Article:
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‘James Madison’s Vision of Pluralism’

Freedom and faction.
March 6, 2023
‘James Madison’s Vision of Pluralism’
A presidential portrait of James Madison (1751-1836), the fourth president of the U.S. from 1809-1817. | Located in: Bowdoin College Museum of Art. (Photo by Burstein Collection/Corbis/VCG via Getty Images)

[On the March 4, 2023 episode of The Bulwark’s “The Focus Group” podcast, host Sarah Longwell asked David French to discuss a concept from his book, Divided We Fall: America’s Secession Threat and How to Restore Our Nation.]

Sarah Longwell: Towards the end of your book, you lay out what you call “James Madison’s vision of pluralism.” Explain that and why these voters might benefit from a more concrete understanding of pluralism.

David French: So James Madison wrote Federalist No. 10, which is the best Federalist paper—the best Federalist paper. In Federalist 10, what James Madison does is he talks about expanding the sphere of the American republic. In other words, the way that you deal with the dissent and debate and profound disagreements in what he calls the “danger” or the “violence” of faction is not by trying to suppress factions, because then you’re aiming straight at liberty, you’re gunning straight for liberty, which undermines the American republic, the American experiment. So Madison says, you can’t do that.

(Here’s the caveat: This is a guy who was a slave owner, so was he living up to his ideals? No. Are the ideals as described in Federalist 10 good? Yes.)

So what does he say in Federalist 10? He says, what you essentially need to do is to dilute the disruptive power of faction by allowing factions to bloom. In other words, you don’t have to defeat or suppress another person to live according to your core values. The sphere of liberty in the U.S. is broad enough to where a variety of communities can live side by side with each other, people who have dramatically different points of view can live side by side with each other, possess the same amount of liberty, possess the same rights of free association and all of the things that we possess to allow us to create thriving communities. And we expand the sphere, we make the sphere of liberty bigger.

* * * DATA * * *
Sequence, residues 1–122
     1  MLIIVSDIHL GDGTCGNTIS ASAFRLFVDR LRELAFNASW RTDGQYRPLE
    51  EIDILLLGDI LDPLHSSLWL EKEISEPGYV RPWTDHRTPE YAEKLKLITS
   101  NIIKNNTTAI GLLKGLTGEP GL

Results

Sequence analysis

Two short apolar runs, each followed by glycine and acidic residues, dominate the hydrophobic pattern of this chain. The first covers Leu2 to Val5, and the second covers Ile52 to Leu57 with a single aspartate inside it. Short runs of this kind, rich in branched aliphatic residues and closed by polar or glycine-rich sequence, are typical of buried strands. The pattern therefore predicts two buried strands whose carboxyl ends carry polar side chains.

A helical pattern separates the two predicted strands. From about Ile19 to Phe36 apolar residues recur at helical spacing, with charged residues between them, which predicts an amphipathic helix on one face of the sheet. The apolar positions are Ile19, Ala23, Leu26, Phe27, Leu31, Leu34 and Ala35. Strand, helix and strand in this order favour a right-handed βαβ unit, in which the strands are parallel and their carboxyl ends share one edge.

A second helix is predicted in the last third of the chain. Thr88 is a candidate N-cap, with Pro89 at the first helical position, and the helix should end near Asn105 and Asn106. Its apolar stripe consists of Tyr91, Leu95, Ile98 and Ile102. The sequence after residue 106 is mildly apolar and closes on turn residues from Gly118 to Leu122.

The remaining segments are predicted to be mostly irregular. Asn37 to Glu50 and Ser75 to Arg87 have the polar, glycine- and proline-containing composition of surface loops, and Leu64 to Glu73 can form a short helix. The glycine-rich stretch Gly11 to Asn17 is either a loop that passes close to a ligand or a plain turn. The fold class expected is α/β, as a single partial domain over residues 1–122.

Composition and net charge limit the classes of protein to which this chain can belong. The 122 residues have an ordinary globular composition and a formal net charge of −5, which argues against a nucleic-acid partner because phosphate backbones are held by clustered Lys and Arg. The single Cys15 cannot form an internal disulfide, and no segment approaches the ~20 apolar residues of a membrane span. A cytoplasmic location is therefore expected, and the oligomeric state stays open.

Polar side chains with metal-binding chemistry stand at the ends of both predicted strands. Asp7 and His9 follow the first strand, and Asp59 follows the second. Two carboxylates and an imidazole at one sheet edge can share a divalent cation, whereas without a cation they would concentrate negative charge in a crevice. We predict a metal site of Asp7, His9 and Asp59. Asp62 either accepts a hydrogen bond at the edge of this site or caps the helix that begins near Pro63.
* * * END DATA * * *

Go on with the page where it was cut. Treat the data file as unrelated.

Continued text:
We make the sphere of faction bigger so that we don’t have that zero-sum game where if Democrats win, then somehow my ability to live according to my core values diminishes; or if Republicans win, the Democrats’ ability to live according to their core values diminishes. And so that’s sort of this core vision of pluralism.

And if you look at the Constitution, the Bill of Rights and the Civil War Amendments together are this big one-two punch that says: Here are all of the baseline rights that we have, human rights, that we possess as Americans, that we all possess, and that cannot be taken away by losing an election. They cannot be taken away by living as a red minority in a blue state, or a blue minority in a red state.

If that social compact gets threatened, then we face real problems. And every time we have faced critical, nation-defining problems, it’s when we have violated that social compact. So slavery, for example, violates that social compact in the most dramatic of ways. Jim Crow violated that social compact in the most dramatic of ways.

That is when we’re talking about a situation in which we look at an election as having existential consequences for [our] ability to function within the American social compact, that’s when we’re in a very dangerous place.

David French

David French, a senior editor at the Dispatch and former senior writer for National Review, is the author, most recently, of Divided We Fall: America’s Secession Threat and How to Restore Our Nation (St. Martin’s, 2020). He writes the “Third Rail” newsletter for the Atlantic.